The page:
Although most Americans appear to recognize the importance of planning for their financial future, too many people are still not taking the necessary steps for ensuring a comfortable and secure retirement. Just look at the new Prudential Investments survey which asked 1,568 U.S. adults to list their top financial priorities at the moment. The most common responses were saving for retirement (49 percent), having enough money to maintain a certain lifestyle throughout retirement (47 percent), and not running out of money in retirement (36 percent). An alarming 54 percent of surveyed pre-retirees, though, said that they have “no idea” how much money they will need to actually set aside for old age. As for the respondents who did report that they know how much money will be needed for retirement, the group was largely split between whether more than $1 million in savings will be required to cover their probable expenses.
Thirty-five percent of surveyed pre-retirees expressed doubts that they will ever be able to save enough for retirement and therefore concluded (wrongly) that it does not matter when they start setting money aside. One reason for this apparent pessimism is that 57 percent of pre-retirees said that they believe saving for retirement will be more difficult for them than it was for older generations. When asked why, popular responses included rising healthcare costs (48 percent) and potential changes to Social Security benefits (43 percent). Surveyed Millennials (ages 21-34) who said that “saving for retirement” is one of their top financial priorities were found to have the most confidence in their ability to set aside enough money to cover their old-age outlays. That is not too surprising since these young adults still have several decades left to get their personal finances in order. However, only 38 percent of Gen Y respondents said that they are currently enrolled in an employer-sponsored retirement plan, and nearly a fifth reported that they have yet to even start saving for retirement.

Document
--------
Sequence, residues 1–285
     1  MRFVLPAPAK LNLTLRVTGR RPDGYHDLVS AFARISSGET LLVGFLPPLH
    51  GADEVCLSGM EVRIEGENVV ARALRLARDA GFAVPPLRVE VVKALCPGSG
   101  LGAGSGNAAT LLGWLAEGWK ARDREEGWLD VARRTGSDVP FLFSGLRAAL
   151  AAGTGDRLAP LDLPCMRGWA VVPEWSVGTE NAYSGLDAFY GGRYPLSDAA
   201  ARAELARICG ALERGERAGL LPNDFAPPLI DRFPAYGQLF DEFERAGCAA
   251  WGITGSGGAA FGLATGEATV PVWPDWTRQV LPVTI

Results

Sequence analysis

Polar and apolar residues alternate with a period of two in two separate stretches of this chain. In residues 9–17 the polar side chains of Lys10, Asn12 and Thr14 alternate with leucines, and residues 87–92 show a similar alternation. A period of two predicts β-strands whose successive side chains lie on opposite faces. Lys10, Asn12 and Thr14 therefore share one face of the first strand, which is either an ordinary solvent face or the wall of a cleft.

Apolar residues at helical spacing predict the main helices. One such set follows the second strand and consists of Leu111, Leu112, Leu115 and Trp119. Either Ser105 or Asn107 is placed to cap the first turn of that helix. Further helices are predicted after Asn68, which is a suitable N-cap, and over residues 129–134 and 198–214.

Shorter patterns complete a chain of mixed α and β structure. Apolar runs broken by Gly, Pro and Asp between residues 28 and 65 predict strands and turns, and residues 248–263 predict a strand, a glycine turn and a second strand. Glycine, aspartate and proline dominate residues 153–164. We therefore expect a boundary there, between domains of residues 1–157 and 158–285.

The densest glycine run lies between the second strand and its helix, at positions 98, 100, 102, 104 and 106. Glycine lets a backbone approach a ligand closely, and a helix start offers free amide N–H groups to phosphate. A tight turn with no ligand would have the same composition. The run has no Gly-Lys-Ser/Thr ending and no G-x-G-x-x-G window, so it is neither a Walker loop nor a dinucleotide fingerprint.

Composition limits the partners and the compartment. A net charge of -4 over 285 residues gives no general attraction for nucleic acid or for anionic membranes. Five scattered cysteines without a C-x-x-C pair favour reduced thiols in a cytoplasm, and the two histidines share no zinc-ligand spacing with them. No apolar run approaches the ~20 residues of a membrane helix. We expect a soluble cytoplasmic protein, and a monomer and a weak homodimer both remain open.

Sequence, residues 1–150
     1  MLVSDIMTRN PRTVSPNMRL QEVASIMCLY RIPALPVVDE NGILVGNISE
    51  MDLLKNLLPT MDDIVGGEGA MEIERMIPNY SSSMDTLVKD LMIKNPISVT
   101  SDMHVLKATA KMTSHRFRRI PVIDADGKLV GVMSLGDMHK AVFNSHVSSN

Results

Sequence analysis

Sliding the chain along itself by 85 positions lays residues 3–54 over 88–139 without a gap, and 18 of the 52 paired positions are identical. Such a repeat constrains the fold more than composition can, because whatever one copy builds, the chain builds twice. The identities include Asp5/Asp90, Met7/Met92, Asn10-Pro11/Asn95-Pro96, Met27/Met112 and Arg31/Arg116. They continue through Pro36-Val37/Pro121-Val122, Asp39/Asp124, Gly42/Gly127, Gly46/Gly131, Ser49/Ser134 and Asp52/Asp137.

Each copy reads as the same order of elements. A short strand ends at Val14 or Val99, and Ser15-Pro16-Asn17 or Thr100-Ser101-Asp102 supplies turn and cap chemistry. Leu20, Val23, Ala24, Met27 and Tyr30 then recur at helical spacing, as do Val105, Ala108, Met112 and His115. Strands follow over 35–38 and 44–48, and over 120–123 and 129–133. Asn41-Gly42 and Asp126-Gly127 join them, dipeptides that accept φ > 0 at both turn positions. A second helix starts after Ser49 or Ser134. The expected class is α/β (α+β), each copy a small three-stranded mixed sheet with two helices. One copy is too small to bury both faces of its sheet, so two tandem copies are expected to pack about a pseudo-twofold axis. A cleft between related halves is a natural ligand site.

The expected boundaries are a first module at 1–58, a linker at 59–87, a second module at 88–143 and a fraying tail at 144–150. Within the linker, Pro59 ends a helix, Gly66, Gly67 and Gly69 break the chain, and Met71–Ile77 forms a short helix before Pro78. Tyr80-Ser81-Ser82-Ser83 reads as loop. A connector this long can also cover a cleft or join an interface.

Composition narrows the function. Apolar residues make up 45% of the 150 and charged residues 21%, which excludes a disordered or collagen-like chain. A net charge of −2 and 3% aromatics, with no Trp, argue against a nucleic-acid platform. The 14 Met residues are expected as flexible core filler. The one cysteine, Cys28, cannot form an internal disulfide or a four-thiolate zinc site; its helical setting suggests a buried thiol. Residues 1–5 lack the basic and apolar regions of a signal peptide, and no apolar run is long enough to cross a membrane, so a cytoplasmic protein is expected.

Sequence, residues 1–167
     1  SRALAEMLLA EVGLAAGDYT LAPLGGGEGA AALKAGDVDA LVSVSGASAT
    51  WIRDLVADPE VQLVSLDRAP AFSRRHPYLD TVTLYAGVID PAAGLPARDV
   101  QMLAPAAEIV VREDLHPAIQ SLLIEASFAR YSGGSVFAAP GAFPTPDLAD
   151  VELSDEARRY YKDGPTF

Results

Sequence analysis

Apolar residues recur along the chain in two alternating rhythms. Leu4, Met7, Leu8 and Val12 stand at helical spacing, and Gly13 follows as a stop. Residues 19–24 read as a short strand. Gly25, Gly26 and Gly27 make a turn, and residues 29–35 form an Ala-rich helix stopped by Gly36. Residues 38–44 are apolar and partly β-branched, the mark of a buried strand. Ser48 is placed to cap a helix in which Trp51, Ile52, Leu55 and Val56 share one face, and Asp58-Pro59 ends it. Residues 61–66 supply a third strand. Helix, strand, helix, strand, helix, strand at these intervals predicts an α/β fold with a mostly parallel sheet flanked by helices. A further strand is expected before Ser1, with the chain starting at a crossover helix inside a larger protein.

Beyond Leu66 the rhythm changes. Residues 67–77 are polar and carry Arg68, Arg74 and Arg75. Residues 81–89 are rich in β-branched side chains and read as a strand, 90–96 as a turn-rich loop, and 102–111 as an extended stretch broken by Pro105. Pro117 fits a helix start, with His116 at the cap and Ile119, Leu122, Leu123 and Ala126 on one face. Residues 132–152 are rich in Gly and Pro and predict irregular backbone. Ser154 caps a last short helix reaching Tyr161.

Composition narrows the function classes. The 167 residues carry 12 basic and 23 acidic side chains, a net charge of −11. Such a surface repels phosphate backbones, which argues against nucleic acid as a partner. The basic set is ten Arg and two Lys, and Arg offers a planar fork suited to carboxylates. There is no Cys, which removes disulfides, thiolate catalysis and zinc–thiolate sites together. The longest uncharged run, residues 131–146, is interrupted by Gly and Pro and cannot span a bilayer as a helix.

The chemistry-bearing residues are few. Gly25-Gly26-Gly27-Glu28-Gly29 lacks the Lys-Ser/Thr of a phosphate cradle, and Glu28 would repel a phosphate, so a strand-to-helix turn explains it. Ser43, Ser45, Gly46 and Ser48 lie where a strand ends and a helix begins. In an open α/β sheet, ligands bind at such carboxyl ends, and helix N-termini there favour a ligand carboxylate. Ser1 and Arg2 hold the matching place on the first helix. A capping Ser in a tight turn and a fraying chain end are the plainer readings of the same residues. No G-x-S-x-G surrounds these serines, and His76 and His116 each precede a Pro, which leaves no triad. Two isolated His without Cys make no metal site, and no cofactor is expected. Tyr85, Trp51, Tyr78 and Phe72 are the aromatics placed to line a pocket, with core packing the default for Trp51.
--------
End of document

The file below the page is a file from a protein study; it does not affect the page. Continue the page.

Among all respondents, 46 percent said that they wish they had started setting money aside earlier. Saving, though, is just one aspect of ensuring an ideal retirement outcome, and perhaps even more important is properly investing those funds. Unfortunately, more than half (59 percent) of surveyed Americans described themselves as “not experienced” investors, and nearly two-thirds (64 percent) said that they feel overwhelmed by the number of financial products they must choose from. Fifty-two percent also reported that they worry “quite often” about their investments’ sensitivity to stock market volatility but 53 percent said that they simply do not have enough time to be actively involved in the day-to-day management of their investments. For these individuals, working with a professional financial advisor could be very beneficial, especially since the respondents who did say that they regularly consult with an expert reported a lot more confidence in their ability to achieve their retirement savings goals.
Sources: Prudential InvestmentsPost author: Charles Couch